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Canned Heat - Self-Titled - Super Hot Stamper (With Issues)

The copy we are selling is similar to the one pictured above.

Super Hot Stamper (With Issues)

Canned Heat
Self-Titled

Regular price
$149.99
Regular price
Sale price
$149.99
Unit price
per 
Availability
Sold out

Sonic Grade

Side One:

Side Two:

Vinyl Grade

Side One: Mint Minus Minus

Side Two: Mint Minus Minus*

  • An excellent Liberty LP of Canned Heat's debut with Double Plus (A++) sound from start to finish
  • You won't believe how rich, Tubey Magical, big, undistorted and present this copy is (until you play it anyway)
  • Comprised entirely of blues covers such as Muddy Waters’ "Rollin’ and Tumblin’" and Robert Johnson’s "Dust My Broom"
  • Problems in the vinyl are sometimes the nature of the beast with these early pressings - there simply is no way around them if the superior sound of vintage analog is important to you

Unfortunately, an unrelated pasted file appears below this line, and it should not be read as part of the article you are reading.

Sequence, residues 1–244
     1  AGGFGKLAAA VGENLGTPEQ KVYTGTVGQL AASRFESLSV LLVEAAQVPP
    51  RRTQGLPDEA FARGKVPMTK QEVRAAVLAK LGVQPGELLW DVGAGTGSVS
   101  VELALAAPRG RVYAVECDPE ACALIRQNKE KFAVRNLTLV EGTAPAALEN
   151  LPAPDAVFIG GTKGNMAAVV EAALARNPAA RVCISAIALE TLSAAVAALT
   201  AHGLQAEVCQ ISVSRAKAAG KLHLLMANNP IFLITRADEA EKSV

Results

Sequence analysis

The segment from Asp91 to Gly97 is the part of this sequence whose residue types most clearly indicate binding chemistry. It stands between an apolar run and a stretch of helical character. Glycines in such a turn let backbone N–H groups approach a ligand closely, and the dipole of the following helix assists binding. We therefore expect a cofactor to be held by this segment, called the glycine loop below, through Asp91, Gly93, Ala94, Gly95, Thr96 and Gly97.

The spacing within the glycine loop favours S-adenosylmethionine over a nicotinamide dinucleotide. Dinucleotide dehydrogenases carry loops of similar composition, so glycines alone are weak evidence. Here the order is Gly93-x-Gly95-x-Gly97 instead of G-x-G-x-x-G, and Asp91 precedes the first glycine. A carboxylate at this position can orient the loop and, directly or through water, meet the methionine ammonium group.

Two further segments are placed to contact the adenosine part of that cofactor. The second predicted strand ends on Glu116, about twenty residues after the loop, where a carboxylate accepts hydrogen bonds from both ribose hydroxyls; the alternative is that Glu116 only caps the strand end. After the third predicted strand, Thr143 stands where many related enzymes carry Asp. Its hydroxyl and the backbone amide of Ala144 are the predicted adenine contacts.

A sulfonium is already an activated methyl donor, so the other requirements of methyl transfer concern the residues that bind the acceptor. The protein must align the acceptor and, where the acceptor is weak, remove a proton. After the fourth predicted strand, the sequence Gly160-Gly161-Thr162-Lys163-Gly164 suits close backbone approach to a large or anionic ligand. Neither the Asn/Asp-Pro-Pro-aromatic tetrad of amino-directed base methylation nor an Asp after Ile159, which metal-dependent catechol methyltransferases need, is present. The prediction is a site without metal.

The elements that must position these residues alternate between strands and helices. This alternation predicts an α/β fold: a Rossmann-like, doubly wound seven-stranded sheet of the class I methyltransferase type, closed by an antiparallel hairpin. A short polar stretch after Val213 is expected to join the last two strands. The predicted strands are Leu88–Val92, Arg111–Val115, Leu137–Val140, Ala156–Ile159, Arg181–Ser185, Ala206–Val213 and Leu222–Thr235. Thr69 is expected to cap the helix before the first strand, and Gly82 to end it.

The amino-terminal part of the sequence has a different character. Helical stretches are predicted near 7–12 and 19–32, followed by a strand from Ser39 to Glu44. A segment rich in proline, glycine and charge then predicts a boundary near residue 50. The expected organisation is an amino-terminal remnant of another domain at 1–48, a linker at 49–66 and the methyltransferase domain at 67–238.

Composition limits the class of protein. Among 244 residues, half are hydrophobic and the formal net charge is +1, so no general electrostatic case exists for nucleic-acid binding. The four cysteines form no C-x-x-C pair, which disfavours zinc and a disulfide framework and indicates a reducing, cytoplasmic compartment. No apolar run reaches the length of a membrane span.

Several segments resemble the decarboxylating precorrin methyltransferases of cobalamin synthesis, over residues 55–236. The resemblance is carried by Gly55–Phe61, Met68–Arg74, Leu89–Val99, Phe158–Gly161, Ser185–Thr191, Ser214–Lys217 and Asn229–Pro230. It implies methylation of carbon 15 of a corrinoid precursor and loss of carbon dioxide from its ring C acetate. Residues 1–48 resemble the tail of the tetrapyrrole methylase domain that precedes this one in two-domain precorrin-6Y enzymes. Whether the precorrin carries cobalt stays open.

• 4 stars: "The dearth of original material on Canned Heat was less of a result of any songwriting deficiencies, but rather exemplifies their authentic renderings of traditionals such as the open-throttled boogie of 'Rollin' and Tumblin''..."

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*NOTE: There is a stitch that plays 18 times lightly about 1/2 way into track 1 on side 2, "Dust My Broom."

Vintage covers for this album are hard to find in exceptionally clean shape. Most of the will have at least some amount of ringwear, seam wear and edge wear. We guarantee that the cover we supply with this Hot Stamper is at least VG


This vintage Liberty pressing has the kind of Tubey Magical Midrange that modern records can barely BEGIN to reproduce. Folks, that sound is gone and it sure isn't showing signs of coming back. If you love hearing INTO a recording, actually being able to "see" the performers, and feeling as if you are sitting in the studio with the band, this is the record for you. It's what vintage all analog recordings are known for -- this sound.